Unix Users Prefer IBM And Sun
IBM retained its top spot and Sun improved its standing with Unix users, but Hewlett-Packard slipped in the latest vendor preference ratings.
HP CEO: We Have More Cutting To Do
Hewlett-Packard Chairman and CEO Mark Hurd reinforced his reputation for fanatical attention to efficiency at his meeting Tuesday with financial analysts in New York, where he said HP still has a long way to go to strip all the unnecessary costs from its business.
Google Gives Its Finance Page A Facelift
Google has added better stock charts and modules that track trends in the market's top moving companies, and it now lets registered users build their own portfolios to track stocks and companies.
Yahoo Opens New Advertising Platform
Since its launch in October, Yahoo's new search marketing platform had been available only to the portal's existing advertisers. Now it's available to any U.S. company willing to open a search-advertising account with Yahoo.
The business advantages for SOA/Web services adoption are clear: standardization, business-process automation, and flexibility. But SOA/Web services deployment is challenging. Learn how more than 200 companies plan to overcome adoption challenges in this InformationWeek research brief.
Managing Privacy Issues
Identity theft is on the rise across the globe. How do your security strategies for protecting customer data stack up? Learn how your peers are protecting customer data and managing privacy issues in the InformationWeek/Accenture Global Information Security survey of more than 2,000 technology and security professionals.
Tool: Security Plans
We invite you to benchmark your security strategies and tactics against those of your global peers with this fast, informative, and confidential security tool from InformationWeek and Accenture, a management consulting and technology services company.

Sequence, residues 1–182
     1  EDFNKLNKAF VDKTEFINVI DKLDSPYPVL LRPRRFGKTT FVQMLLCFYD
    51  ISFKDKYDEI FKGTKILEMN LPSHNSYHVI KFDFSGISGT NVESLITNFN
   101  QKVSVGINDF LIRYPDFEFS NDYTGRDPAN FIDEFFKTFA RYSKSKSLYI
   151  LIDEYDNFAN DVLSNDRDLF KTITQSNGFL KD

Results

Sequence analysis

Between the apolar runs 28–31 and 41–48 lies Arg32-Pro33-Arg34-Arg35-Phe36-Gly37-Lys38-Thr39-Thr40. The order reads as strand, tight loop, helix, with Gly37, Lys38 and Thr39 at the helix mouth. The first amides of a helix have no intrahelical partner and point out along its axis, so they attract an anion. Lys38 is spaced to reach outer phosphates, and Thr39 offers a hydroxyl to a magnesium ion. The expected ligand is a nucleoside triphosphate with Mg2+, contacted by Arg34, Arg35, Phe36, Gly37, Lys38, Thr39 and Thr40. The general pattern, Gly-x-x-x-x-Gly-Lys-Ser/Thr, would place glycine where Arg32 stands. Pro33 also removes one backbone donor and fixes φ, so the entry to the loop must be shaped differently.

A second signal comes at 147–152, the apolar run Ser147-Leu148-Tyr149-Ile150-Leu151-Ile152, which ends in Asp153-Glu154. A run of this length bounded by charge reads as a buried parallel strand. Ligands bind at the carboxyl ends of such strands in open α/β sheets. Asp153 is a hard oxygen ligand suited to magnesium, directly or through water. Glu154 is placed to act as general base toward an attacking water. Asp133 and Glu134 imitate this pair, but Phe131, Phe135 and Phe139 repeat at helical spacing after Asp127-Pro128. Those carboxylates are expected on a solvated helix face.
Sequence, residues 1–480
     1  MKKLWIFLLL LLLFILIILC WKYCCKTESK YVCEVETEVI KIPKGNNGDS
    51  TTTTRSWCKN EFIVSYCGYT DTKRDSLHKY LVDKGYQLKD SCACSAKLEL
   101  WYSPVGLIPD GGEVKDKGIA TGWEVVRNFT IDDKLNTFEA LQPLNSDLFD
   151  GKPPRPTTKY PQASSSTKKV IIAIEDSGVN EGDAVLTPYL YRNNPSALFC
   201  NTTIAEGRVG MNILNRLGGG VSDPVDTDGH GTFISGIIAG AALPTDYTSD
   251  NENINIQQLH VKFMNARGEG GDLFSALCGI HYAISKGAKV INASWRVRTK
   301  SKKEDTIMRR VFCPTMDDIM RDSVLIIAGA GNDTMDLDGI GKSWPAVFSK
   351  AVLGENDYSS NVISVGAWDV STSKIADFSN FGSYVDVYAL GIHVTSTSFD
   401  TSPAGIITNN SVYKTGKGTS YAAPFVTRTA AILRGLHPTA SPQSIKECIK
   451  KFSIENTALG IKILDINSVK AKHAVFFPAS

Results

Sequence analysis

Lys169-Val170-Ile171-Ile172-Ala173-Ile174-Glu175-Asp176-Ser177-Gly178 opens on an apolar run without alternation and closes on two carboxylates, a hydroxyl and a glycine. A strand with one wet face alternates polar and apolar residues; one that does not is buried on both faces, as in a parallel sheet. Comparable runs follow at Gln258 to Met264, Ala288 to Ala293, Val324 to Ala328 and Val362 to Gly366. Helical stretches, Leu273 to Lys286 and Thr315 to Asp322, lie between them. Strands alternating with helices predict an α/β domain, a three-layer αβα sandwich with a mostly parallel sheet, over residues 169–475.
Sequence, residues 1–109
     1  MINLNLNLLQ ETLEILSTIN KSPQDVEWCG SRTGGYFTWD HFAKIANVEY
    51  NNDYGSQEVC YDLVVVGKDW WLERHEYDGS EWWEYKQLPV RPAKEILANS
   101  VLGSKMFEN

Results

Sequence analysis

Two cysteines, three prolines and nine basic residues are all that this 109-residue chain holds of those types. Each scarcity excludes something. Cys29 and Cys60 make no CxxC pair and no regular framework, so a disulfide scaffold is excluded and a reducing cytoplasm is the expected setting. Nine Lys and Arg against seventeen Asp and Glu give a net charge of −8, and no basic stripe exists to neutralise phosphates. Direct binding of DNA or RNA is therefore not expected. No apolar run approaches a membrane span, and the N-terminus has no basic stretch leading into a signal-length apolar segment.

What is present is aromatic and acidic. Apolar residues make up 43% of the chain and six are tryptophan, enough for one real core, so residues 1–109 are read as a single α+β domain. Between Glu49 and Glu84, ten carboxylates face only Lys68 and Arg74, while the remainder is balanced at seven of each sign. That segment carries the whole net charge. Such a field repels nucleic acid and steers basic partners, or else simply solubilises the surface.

4. In Depth: Security
UCLA Admits Massive Data Hack
UCLA is alerting approximately 800,000 people that a hacker broke into a university database as long ago as October 2005, but the intrusion wasn't detected until Nov. 21, 2006.
Ransomware Attack Targets Hotmail Accounts
Some Hotmail accounts have been compromised, with all mail and contacts erased. The only remaining message: a ransom note demanding payment for the return of the deleted data.
Power To The People
It's all about what the kids want. They want YouTube, they want Skype, they want to play Halo over the Internet. And when they grow up and start working in your company, they'll want the same things well, maybe not the Halo part. As we've written about before, end users more and more are influencing IT department decisions. They clearly want certain applications and support for certain devices, but what do they want in their networks?